From Adelaide I headed north on The Ghan, one of the two famous coast-to-coast railways in Australia. I’d been looking forward to the journey for a while and the views were as good as I hoped, particularly sunrise over the outback. It also helps to get a sense of how big the country is when it takes almost 26 hours to travel from the coast to the centre.
A ticket for The Ghan costs £170 for a “day/night seat” with beds and cabins costing significantly more. While the journey is a good one I’m really not convinced it’s worth the money.
I left the train in Alice Springs and explored the town for just a couple of nights. A 45 minute walk from town is the original European settlement, the first in Central Australia, where the buildings have been restored to their former state. Of particular interest is the telegraph station, essentially the whole purpose of the settlement when it was established.
The telegraph line built across the country eventually linked Sydney to London, reducing the time for messages from the UK to the colony from weeks or months to just hours. A short walk from the telegraph station is Trig Hill which has great views over the surrounding area.
Back in the main town I visited the Royal Flying Doctor Service headquarters. The staff gave an overview of their work and there was a mini documentary on how it was established. While I knew a little about the RFDS I didn’t realise the size of the operation with over 60 planes in its fleet. They don’t just deal with emergencies either, an example shown was transporting a patient for an organ transplant when a donor had been found in another state.
Something else worth mentioning about Alice Springs are the number of aborigines sleeping rough, suffering from alcoholism and on a couple of occasions, hassling me and other tourists for money. The relationship between aborigines and the rest of Australia is too complex for me to fully understand let alone explain. There are charities working to find work for the “traditional owners” and in Alice Springs in particular there are several art galleries selling aboriginal paintings, didgeridoos and the like.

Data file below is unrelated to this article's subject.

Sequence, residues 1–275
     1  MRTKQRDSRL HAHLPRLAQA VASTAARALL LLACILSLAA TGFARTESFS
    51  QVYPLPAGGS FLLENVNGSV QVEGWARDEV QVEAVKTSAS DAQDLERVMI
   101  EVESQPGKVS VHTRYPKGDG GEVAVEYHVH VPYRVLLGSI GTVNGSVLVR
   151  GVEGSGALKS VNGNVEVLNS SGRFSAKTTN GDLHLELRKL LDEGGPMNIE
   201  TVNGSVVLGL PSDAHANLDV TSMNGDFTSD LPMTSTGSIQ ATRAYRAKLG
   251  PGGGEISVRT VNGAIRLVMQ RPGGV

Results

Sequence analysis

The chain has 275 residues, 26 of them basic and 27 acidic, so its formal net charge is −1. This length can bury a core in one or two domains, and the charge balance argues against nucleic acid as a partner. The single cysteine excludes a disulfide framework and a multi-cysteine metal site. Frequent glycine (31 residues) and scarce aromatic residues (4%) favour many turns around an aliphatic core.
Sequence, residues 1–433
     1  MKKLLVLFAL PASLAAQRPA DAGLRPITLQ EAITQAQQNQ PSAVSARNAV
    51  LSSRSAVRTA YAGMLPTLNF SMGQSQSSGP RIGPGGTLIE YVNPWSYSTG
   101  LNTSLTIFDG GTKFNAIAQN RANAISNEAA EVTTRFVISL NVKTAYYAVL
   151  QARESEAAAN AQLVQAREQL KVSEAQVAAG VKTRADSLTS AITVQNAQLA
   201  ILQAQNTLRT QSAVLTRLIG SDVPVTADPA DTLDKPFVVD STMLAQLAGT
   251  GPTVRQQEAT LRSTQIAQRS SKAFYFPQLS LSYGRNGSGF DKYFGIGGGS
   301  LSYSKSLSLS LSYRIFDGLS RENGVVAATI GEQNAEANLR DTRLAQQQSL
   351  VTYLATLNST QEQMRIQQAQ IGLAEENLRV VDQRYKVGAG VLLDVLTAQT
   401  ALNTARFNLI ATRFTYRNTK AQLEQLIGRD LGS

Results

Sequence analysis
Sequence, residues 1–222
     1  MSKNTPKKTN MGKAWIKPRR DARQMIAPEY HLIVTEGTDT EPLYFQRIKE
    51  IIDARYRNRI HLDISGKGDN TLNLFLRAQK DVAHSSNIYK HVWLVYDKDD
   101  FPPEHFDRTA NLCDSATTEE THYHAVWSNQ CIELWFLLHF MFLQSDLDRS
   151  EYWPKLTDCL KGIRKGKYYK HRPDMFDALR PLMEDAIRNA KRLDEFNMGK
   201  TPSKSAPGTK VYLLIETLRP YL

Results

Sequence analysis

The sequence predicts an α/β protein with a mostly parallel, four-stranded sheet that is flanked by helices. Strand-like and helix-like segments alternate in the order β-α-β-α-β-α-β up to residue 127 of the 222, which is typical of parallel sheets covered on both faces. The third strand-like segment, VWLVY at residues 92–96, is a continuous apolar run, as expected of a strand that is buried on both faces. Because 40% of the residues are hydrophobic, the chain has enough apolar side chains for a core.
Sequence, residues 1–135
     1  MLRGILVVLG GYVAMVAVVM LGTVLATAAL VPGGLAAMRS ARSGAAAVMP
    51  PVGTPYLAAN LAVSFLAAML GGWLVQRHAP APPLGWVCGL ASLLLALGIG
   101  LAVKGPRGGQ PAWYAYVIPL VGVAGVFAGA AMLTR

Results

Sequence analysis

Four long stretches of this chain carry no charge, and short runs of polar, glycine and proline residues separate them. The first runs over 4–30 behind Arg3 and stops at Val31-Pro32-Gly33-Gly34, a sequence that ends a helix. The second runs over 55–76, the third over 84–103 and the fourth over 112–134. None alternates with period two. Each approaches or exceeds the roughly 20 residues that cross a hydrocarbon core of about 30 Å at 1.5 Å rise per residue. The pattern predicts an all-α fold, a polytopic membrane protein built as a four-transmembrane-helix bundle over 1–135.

I was picked up from Alice Springs around 5:30am to start my four day outback tour. It’s easy to visit independently but for solo travellers (and essentially anyone without a car) it works out far cheaper to join a tour. Unlike standard tours though where everything is planned and rigid, our guide Chris was far more flexible.
The outback tours are also quite hands on; with just one guide the group is expected to help out with collecting firewood, setting up camp, cooking, washing and packing up again. This was really enjoyable and helped the group get to know each other, but it’s disappointing that very few tour companies tell you this when booking. There was at least a couple of people on our tour that didn’t look thrilled about collecting wood or washing dishes on their holiday.
From Alice Springs we travelled six hours to Yulara, the small town just outside of Uluru-Kata Tjuta national park. We made a quick stop at the airport to pick up some more people which took our group up to 12.
From there we made our way to Uluru and did a base walk around half of the rock. Though it looks smooth from a distance it’s very different up close, with huge pitted sections, changes in texture and in some sections there are caves where you can see drawings on the walls.